Ease of use. We went to the store and used their “gun” to scan all the items we wanted, and then we could go online to edit the registry further. Overall, the process went smoothly. However, the only way to discover if someone bought an item off the registry is to check the website regularly. You don’t get any notification e-mails, and you don’t get told who bought the gift until it arrives.

Returns. If the item is on your baby registry, then they take it back for store credit without a receipt or questions. If the item is not on the registry, then a gift receipt is required. If you don’t have a gift receipt, then I believe you get credit for the lowest price on that item for the last 30 or 60 days. With items like clothing that goes on sale frequently, that can result in a greatly reduced refund.

(Tip: You can add things on the baby registry at any time. Since we were juggling two registries, to avoid duplicates we would have to delete things on the other registry. However, sometimes we weren’t fast enough or someone bought it without removing it from the registry. Therefore, we just made sure we added the item back onto the registry again before our BRU return run and that minimized any potential hassles.)

Completion Discount. We received the 10% off completion coupon in the snail mail as promised. It works on only one purchase, so make sure to bring a list of everything else you wanted. You can also use the 10% discount online the same day you used the physical coupon.

Amazon.com Baby Registry

We chose Amazon as it had lower prices, wider selection, and free shipping on most items.

Ease of use. Adding items to the registry was easy, but Amazon can be quirky as the default buying option isn’t always the cheapest after you factor in the free shipping. I noticed that some friends paid too much for shipping, even though we always looked for items “sold by Amazon.com”. They don’t offer notification e-mails either, but if you check online they do tell you who bought what. It’s even condensed into a handy “Thank You list”.

Returns. Even though they offer free prepaid shipping labels, we didn’t return anything to Amazon. Whenever we had a duplicate, we just returned the one from Babies R Us. However, looking back I think I might have preferred Amazon.com credit since we really have too much baby stuff.

Completion Discount. When you become eligible (30 days before event date), the 10% completion discount option shows up on your registry page. The fine print was pretty vague, but didn’t really list any specific restrictions. However, we discovered that even though you could add anything to the baby registry at any time, only items that were deemed baby-related were eligible for the 10% discount. So no 10% off Macbook Pros or power tools (I tried).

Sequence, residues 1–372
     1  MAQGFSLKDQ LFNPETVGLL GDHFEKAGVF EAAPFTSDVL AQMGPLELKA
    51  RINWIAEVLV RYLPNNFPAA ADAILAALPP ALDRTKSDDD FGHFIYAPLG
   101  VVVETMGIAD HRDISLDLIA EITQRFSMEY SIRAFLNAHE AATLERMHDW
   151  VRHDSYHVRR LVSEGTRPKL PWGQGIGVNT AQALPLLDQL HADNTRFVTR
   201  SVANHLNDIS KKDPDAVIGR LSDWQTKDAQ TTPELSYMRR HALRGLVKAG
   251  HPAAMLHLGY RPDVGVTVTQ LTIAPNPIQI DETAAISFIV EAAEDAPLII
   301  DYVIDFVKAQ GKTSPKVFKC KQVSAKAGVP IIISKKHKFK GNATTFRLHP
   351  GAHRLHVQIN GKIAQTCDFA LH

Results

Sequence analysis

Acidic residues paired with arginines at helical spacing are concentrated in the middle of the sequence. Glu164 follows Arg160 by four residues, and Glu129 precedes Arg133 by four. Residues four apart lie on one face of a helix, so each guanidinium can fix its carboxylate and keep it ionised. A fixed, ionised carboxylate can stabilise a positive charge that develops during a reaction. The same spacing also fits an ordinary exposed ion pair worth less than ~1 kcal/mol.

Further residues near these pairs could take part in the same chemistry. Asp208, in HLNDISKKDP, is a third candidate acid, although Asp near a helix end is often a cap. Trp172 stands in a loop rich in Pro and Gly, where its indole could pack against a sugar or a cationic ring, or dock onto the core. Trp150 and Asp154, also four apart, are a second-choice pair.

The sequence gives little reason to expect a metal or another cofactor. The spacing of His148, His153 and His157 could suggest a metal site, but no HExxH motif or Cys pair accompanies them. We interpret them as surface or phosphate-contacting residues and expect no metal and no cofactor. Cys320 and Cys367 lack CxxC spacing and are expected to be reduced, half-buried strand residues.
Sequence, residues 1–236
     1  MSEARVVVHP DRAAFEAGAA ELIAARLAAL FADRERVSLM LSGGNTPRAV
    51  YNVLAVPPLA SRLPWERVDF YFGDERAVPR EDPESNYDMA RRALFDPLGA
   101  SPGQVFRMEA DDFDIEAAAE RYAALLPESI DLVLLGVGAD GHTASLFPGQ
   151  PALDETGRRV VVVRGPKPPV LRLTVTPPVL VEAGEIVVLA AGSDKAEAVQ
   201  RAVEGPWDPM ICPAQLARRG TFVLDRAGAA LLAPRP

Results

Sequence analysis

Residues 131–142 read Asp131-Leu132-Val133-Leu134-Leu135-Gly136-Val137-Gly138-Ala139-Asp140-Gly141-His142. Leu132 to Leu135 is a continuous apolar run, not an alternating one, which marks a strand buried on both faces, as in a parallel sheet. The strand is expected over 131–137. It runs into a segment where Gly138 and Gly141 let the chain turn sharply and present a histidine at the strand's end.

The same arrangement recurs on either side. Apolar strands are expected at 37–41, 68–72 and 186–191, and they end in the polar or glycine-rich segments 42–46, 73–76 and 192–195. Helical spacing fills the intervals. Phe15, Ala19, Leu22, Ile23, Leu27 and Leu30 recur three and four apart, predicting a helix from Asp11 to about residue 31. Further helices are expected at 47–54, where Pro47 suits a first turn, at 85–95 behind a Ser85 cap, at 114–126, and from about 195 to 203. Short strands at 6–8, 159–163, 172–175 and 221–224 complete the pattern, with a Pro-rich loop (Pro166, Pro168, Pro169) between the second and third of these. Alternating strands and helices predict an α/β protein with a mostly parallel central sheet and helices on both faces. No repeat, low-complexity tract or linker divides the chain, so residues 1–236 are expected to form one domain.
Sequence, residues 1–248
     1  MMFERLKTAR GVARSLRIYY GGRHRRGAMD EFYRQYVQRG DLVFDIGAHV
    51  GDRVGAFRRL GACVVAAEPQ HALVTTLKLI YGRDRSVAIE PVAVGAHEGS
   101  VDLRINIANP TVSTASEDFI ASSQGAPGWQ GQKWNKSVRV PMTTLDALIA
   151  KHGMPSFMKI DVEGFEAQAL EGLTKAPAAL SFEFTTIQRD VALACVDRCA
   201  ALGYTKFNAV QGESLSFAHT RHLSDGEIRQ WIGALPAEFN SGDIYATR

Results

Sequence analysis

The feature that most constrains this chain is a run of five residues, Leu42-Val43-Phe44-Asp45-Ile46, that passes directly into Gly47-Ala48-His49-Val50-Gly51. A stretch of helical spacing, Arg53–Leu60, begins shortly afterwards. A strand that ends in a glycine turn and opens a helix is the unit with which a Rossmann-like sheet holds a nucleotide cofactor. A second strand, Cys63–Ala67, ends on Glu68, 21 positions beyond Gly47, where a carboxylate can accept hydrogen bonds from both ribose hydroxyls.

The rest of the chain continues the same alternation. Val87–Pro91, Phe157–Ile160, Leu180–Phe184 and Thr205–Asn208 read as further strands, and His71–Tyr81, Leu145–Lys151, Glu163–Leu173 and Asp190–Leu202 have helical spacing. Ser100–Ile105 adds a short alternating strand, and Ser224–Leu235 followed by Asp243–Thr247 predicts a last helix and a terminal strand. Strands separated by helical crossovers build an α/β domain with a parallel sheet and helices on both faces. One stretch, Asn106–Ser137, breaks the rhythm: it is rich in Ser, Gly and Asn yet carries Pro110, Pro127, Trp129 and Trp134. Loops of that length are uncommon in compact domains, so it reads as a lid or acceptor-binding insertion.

Baby showers and the baby gift-giving custom is a nice cultural tool to help expectant parents defer the cost of babies. Really, you can view it as a payment plan of sorts since instead of one big lump sum we just have to continue giving baby gifts for the rest of our lives. :)

Reflections on Fathers and Fatherhood

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I’ve been thinking about fatherhood and my own father/son relationship. When I was young, my father was a comfortably-employed engineer, with two small kids and a house in the suburbs. But he decided that he wanted to go back to graduate school. All of a sudden we were a family of 4 living in a small 2-bedroom apartment with both parents working long hours and still only earning a fraction of the income. But he eventually got his PhD, became a college professor, and I always remembered how he continued working long hours but told me about how it was great because he loved it and he had no boss. Nobody told him when to go to work or what to do on a daily basis.

I understood the autonomy part, but was always bitter about the lack of time he spent at home. Still, he was my role model. So as I went off to college, I pursued the goal of being a professor as well. I did all the right things and got accepted into one of the best engineering graduate schools in the country with a full fellowship, meaning I had full tuition covered plus a small stipend. I was set. I could make him proud… except for the little discovery that I didn’t like doing research.

Dropping out of grad school was one of the more difficult decisions in my life. I felt I was disappointing my father, as I wouldn’t be able to “do better” than him. At least I had employable skills. Still, I was unhappy. That led to starting this blog and learning about how managing your money properly gave you more freedom to do what you wanted. I was afraid, but I still felt I had to switch gears yet again and try something new, and today I work on my own terms and am well on the path to financial freedom and being able to live off investment income.

It took me a while to understand some of these things that my dad’s experiences taught me, but late is better than never. Happy Father’s Day!

  • A son always wants to make his dad proud, even if he won’t admit it to anyone including himself.
  • Sometimes you just know something is missing, and you have to take a risk. My father quit a safe job and took a long, cloudy road but eventually found the key ingredients to a satisfying career: autonomy, complexity, and a connection between effort and reward.
  • Being frugal and having the ability to live well on less money is a skill that allows you the flexibility to take on those positive risks and to weather those leaner times.
  • Having a supportive spouse or partner in your life is priceless.
  • As a soon-to-be father, I recognize the desire of having your kids exceed your own achievements. However, all I can do is provide them whatever life skills I can, and eventually let go and allow them take their own path. At least, I’ll try.